KANSAS CITY (Reuters) - Monsanto Co said on Thursday that the U.S. Department of Justice has issued a civil investigative demand for information on the company’s key soybean genetic traits business after complaints that Monsanto was trying to limit access to push a new, pricier product instead.
Monsanto said it was cooperating with investigators, and reiterated that it would allow farmers and seed companies continued access to its first-generation Roundup Ready soybean trait -- a genetic alteration that makes the soybeans tolerate herbicide treatments -- following that product’s patent expiration in 2014.
Seed dealers, rivals and others have complained that Monsanto was creating conditions, through contracts with seed dealers and other means, that would unfairly push farmers to buy its new Roundup Ready 2 Yield soybeans and away from the first-generation, lower-priced Roundup Ready beans.
But Monsanto has said repeatedly over the last month that it will not try to stop farmers from saving and replanting its Roundup Ready soybeans after the patent expires and rivals will be able to continue to incorporate the Roundup Ready-tolerant trait into their products. The company said it will not enforce contracts requiring seed companies to destroy or return Roundup Ready seed after patent expiration.
“We respect the thorough regulatory process,” said Scott Partridge, Monsanto’s chief deputy general counsel. “We believe our business practices are fair, pro-competitive and in compliance with the law.”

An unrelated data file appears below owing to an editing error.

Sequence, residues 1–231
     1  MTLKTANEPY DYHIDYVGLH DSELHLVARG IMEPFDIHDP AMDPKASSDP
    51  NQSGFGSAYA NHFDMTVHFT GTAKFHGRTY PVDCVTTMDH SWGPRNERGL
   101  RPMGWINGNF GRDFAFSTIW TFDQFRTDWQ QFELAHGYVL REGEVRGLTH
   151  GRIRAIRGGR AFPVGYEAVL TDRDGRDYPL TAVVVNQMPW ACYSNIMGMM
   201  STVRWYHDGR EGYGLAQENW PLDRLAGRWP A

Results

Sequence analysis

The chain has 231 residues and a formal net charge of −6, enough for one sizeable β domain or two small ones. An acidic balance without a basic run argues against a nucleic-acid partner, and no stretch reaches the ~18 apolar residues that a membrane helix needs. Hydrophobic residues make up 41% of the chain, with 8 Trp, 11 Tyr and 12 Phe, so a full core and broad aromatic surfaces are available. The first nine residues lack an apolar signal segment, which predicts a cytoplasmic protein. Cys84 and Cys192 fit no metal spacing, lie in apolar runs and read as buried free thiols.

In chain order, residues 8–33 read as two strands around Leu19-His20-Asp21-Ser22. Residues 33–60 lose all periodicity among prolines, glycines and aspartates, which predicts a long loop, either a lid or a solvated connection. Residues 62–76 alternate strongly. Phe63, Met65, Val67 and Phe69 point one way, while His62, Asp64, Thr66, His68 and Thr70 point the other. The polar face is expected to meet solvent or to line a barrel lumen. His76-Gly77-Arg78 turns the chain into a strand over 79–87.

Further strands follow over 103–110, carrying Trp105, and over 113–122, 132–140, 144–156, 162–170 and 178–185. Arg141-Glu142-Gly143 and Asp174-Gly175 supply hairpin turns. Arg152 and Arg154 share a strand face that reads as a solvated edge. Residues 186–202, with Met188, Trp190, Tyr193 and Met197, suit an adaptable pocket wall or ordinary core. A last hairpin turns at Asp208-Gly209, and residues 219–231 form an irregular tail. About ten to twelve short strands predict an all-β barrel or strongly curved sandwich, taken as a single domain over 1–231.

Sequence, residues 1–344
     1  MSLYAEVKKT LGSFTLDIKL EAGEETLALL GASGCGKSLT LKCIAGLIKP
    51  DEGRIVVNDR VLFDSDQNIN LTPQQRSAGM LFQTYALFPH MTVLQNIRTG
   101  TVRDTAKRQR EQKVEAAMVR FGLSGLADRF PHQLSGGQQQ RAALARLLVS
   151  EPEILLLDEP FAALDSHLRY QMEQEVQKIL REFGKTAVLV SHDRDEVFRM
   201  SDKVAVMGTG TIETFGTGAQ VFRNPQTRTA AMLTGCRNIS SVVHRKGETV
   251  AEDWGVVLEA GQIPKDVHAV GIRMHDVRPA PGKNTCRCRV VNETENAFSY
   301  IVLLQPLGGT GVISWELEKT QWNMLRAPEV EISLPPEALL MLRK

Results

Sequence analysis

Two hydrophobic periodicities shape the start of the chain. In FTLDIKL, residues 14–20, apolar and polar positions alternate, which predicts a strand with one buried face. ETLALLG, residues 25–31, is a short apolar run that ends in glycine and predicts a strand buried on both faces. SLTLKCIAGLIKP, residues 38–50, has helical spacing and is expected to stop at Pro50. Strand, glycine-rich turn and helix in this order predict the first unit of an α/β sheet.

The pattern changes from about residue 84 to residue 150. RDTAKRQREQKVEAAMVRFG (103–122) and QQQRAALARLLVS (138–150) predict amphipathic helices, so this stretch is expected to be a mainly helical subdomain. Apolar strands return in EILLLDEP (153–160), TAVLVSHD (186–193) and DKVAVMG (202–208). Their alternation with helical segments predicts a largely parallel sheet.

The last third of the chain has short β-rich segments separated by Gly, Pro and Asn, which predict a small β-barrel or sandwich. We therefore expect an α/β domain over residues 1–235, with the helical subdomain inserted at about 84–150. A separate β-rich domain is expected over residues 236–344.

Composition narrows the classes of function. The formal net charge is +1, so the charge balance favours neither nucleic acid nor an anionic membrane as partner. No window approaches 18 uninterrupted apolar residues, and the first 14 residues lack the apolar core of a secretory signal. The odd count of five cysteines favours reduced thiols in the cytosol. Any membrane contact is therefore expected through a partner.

The fresh demand notice from investigators comes amid a larger probe into competition in the agriculture industry and a specific look at the seed industry, where Monsanto is a world leader. More than 90 percent of the soybeans grown in the United States are estimated to contain the Roundup Ready trait.
Justice Department spokeswoman Gina Talamona declined to comment on Monsanto on Thursday, other than to say “the antitrust division is investigating the possibility of anti-competitive practices in the seed industry.”
The Justice Department and the U.S. Department of Agriculture will be holding five hearings later this year to discuss fair play and concentration in agricultural marketing.
Shares of Monsanto fell 1.5 percent to $82.67 on the New York Stock Exchange early Thursday afternoon.
Analysts say signs point to a limited probe by regulators.
“We expect this to be the sole focus of the Department of Justice’s inquiry into Monsanto, and that a formal lawsuit will not be filed,” Morgan Stanley analyst Vincent Andrews wrote in a note to investors. “We believe that the DOJ spent the last several months comprehensively reviewing Monsanto’s businesses and that the very narrow scope of the CID request likely indicates no DOJ interest in the remainder of Monsanto’s operating and practices.”
News that the Justice Department was seeking information on market access to the Roundup Ready trait comes a week after rival DuPont specifically asked U.S. regulators to gain assurances from Monsanto regarding the Roundup Ready trait access. The trait is a genetic alteration that Monsanto developed to make soybeans withstand treatment of Monsanto’s Roundup herbicide.
DuPont, which owns Pioneer Hi-Bred International, has also complained that Monsanto is unfairly using monopoly powers to drive up prices and hinder competition in the broad corn and soybean markets.
Reporting by Carey Gillam; Additional reporting by Diane Bartz; Editing by Dave Zimmerman, Matthew Lewis and Richard Chang